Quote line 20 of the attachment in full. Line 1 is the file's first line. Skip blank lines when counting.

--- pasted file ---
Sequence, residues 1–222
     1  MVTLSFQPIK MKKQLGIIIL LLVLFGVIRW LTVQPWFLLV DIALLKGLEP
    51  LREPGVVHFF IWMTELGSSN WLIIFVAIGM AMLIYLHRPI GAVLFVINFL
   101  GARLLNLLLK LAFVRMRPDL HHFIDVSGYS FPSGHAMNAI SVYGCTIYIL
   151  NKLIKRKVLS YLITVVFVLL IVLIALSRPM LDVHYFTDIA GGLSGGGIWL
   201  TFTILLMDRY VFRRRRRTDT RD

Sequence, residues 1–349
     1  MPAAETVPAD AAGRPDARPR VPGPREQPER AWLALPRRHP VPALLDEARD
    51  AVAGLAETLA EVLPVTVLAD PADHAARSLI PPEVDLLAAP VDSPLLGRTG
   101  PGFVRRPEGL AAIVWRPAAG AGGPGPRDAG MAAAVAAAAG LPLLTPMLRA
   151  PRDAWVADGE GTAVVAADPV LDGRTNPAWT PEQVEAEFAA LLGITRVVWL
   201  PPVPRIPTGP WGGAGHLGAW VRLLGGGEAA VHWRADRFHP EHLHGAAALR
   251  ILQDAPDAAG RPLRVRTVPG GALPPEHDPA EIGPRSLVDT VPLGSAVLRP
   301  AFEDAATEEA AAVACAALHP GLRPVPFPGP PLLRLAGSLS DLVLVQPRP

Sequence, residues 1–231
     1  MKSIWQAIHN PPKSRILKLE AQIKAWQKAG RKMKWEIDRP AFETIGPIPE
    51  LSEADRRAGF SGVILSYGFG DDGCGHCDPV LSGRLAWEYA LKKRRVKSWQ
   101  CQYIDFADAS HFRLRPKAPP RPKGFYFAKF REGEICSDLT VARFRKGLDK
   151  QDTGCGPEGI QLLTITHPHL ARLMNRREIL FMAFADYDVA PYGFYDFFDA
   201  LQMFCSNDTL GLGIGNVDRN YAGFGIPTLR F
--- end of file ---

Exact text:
   201  LQMFCSNDTL GLGIGNVDRN YAGFGIPTLR F